Starting Tomatoes from Seed

Tomato (and a few Eggplant) Seedlings   

One of the most exciting things we do here at Southern Exposure Seed Exchange is grow our favorite varieties to bring to tomato tastings to share with gardeners throughout the Southeast and beyond. Today I’ll show you how we sow tomato seeds in trays.

First thing, before you start preparing flats, is to determine when to sow. Count back 6 weeks before your average last frost date to determine when to start tomato seeds in your area. Overly large transplants are likely to suffer more from transplanting outside, so don’t sow too early. 5- to 6-week-old seedlings are just right for setting out. For our April 25th last frost date, that means starting seeds around March 12th. We also make a second sowing 4 to 6 weeks later.

Irena Sifting Compost Through a Wire Screen

When we’re ready to sow, we make sure to have plenty of trays and potting mix on hand. We sow in six inch by twelve inch trays with good drainage slots. Trays are easier to keep evenly moist than split packs. For our potting mix, we use sifted compost mixed with peat moss to improve moisture retention. Sifting the compost produces a consistent mixture, without sticks or rocks, which will spread nicely into our trays.

Digging Furrows for Seed

Once we have filled our trays with our potting mix, we draw four evenly-spaced shallow furrows no deeper than your first finger joint along each tray.

Labels and Seed

Next we make labels for each variety and insert them at appropriate intervals before sprinkling seeds into the furrows. Here you can see the density that we use (about 4-5 seeds/in). This gives us extra seedlings so we can choose the strongest and healthiest for potting up later.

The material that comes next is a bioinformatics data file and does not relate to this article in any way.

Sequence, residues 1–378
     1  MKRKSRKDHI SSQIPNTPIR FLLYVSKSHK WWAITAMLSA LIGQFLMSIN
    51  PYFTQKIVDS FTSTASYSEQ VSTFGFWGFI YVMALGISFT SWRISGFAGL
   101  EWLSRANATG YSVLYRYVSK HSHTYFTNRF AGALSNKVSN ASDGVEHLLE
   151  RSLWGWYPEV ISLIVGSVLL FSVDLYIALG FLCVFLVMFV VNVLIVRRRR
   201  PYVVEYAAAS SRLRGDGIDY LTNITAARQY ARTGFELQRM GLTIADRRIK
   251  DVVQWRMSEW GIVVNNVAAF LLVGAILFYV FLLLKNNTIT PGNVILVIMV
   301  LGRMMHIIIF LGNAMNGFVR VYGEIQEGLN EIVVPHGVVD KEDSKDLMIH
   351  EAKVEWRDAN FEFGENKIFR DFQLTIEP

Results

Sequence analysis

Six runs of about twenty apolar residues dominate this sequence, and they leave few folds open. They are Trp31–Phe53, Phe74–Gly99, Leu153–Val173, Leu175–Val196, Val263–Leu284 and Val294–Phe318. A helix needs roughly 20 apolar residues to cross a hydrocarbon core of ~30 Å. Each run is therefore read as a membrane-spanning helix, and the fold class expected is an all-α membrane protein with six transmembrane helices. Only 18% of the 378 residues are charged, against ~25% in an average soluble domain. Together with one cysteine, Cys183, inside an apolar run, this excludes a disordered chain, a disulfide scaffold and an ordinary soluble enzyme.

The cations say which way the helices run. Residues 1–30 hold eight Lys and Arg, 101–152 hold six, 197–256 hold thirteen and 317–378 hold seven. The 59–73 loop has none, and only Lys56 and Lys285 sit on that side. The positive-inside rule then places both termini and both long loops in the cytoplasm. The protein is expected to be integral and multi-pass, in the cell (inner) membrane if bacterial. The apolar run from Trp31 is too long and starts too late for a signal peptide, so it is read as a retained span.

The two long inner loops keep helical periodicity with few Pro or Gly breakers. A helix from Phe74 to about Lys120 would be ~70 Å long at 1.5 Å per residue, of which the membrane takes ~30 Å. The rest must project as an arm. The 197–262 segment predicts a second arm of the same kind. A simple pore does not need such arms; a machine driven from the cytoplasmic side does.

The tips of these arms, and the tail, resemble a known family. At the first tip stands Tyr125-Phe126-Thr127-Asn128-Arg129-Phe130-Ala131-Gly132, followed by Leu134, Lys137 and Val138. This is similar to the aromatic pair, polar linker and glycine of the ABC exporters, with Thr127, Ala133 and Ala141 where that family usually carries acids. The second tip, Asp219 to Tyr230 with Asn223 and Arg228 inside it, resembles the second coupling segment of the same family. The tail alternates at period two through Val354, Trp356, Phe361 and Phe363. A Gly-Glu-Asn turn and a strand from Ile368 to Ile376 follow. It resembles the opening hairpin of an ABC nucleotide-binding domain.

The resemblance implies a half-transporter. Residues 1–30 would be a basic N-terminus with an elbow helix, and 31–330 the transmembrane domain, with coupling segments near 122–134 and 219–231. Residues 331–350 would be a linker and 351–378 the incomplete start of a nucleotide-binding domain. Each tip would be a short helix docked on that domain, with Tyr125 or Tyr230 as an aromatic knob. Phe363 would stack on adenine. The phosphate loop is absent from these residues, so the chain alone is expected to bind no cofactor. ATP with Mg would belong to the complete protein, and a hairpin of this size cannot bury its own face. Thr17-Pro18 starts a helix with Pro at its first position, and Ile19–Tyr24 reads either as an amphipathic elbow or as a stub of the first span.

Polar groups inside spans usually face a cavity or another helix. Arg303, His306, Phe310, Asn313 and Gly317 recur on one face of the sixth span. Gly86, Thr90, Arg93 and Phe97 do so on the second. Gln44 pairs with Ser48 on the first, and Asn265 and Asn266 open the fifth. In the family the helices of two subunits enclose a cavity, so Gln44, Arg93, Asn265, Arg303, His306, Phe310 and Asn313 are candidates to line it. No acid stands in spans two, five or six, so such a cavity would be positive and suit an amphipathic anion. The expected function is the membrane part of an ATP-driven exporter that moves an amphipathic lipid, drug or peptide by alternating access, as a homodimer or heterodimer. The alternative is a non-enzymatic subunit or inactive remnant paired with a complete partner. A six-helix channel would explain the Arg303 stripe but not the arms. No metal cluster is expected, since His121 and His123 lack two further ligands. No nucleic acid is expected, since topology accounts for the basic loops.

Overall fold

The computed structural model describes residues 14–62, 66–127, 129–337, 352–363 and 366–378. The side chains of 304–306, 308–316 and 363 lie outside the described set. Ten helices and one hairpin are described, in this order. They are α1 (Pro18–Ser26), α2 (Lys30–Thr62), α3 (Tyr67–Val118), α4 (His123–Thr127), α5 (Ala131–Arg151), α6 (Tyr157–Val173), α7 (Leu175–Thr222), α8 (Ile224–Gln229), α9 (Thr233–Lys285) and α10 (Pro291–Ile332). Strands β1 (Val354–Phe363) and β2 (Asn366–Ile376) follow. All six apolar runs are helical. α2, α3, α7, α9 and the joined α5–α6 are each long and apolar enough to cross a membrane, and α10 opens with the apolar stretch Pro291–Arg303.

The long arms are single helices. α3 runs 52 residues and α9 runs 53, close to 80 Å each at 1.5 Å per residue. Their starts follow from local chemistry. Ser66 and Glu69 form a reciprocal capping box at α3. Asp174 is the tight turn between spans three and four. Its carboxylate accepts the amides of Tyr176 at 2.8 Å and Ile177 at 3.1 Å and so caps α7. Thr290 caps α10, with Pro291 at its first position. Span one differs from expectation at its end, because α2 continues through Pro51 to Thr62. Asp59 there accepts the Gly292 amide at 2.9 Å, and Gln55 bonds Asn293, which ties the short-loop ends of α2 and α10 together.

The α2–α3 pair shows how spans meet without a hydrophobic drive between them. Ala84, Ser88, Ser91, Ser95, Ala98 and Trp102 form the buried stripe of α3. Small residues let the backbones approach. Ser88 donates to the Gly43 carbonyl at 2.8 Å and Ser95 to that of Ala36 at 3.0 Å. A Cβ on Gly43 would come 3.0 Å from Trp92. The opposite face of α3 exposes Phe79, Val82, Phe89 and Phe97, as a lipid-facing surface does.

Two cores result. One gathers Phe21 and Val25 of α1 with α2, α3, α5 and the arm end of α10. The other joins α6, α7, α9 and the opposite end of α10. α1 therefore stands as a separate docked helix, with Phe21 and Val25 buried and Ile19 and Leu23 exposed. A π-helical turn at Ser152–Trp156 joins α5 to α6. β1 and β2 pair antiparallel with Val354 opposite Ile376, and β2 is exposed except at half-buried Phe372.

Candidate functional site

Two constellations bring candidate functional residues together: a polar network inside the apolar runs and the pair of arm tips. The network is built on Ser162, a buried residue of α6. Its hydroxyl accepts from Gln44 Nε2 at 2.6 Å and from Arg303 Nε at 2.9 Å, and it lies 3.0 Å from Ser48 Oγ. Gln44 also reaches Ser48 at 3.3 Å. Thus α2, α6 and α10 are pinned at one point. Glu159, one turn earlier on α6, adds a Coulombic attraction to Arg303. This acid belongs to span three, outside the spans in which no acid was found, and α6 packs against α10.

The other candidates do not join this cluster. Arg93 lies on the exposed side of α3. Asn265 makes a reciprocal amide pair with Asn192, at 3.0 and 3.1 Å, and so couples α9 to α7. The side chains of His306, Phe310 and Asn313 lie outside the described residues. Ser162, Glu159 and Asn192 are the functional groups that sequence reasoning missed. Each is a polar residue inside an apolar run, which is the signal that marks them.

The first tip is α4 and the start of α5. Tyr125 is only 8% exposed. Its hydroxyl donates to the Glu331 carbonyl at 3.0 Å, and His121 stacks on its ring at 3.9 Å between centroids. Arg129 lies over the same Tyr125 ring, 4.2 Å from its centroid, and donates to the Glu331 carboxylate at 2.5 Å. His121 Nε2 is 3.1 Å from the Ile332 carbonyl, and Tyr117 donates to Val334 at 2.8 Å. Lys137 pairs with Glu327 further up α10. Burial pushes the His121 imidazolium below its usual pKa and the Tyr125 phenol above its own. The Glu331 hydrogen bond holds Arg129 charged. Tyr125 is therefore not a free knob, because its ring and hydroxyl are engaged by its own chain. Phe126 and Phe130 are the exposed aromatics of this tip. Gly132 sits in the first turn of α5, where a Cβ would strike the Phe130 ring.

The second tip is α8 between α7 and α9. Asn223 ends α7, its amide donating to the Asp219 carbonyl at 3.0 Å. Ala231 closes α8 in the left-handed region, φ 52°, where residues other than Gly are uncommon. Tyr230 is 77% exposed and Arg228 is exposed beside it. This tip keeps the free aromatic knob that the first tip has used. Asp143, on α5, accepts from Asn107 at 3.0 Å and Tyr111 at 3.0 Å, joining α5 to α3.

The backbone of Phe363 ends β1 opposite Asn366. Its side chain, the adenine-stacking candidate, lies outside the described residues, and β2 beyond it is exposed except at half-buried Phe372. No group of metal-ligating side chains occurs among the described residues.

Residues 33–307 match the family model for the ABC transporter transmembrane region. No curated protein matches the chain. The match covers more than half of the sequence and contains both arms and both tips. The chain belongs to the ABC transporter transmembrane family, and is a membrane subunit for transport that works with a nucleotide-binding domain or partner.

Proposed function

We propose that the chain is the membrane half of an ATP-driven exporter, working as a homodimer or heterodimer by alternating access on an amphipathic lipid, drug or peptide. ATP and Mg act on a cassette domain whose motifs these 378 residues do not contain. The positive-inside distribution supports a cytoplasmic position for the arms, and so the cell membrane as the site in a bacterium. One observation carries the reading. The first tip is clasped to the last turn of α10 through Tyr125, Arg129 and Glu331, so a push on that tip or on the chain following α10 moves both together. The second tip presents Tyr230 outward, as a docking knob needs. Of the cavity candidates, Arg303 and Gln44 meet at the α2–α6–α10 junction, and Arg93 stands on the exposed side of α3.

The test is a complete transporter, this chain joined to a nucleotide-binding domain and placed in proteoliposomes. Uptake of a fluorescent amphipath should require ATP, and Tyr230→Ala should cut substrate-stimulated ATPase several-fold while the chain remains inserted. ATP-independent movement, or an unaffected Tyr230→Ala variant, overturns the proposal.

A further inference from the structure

From the overhead view you can also see how much variation there is in the seeds among just a dozen of our varieties. Some of the seeds are larger and flat while others are much smaller and rounder (see how small the Yellow Pear cherry tomato seeds are in the third column from the left, second interval from the top).

Check Out the Variation in the Seed Between Varieties
Irena Gently Pinches the Furrows Closed

Then we pinch the furrow together gently, without compressing the soil. We’re just trying to cover them up, not smother them. The rule of thumb is cover to cover tomato seeds no more than ¼ inch.

A Nice Shower to Keep the Seeds Happy

Finally, a healthy watering and they’re ready to go! It is best to use lukewarm water and a watering head that delivers a gentle stream. Keep the flats moist but not soggy until the tomato seeds sprout. Do not let them dry out!

Protect your germinating trays from cool night temeratures.  Tomato seed germinates best at 70 to 80 degrees Fahrenheit, but the seeds may be damaged at temperatures above 95 degrees. Look for your seeds to germinate in 4 to 10 days.

Tomatoes germinate best in the dark, but move them into bright light as soon as you see the seedlings emerge. Bright light is essential for strong sturdy growth. You can move the trays to a greenhouse or insulated cold frame. Indoors, you can use adjustable fluorescent lights kept 4 inches above the seedling tops.

We keep our seedlings in the greenhouse. A fan simulates a mild breeze to encourage sturdy seedling growth and prevent fungal disease. You can also gently brush your hands across the seedlings one or two minutes a day to condition them.

If you planted into a good well-screened compost your seedlings will only need occasional watering: keep them well-moistened but not soggy.

Four days later we’re already seeing life!

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